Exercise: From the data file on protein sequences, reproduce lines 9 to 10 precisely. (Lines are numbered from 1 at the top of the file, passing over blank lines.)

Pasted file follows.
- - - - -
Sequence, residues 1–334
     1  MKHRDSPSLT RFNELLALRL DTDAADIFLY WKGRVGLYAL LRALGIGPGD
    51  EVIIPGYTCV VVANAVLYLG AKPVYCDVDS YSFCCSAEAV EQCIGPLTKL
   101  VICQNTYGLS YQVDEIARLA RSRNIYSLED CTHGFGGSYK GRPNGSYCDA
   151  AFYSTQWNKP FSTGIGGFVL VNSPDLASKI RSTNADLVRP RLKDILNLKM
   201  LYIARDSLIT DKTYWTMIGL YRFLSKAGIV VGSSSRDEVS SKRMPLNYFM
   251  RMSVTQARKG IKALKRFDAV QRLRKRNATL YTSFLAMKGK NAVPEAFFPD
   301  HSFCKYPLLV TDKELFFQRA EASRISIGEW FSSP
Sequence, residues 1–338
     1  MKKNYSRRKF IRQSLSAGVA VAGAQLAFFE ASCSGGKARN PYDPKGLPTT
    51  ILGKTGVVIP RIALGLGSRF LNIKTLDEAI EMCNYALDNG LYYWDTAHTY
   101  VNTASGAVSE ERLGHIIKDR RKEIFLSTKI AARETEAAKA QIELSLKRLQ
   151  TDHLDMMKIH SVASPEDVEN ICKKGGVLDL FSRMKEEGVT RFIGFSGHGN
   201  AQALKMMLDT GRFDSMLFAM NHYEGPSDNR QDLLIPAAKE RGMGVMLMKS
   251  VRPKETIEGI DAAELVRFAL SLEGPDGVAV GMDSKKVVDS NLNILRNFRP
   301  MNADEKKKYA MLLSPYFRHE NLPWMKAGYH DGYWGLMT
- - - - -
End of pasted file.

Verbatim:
Sequence, residues 1–338
     1  MKKNYSRRKF IRQSLSAGVA VAGAQLAFFE ASCSGGKARN PYDPKGLPTT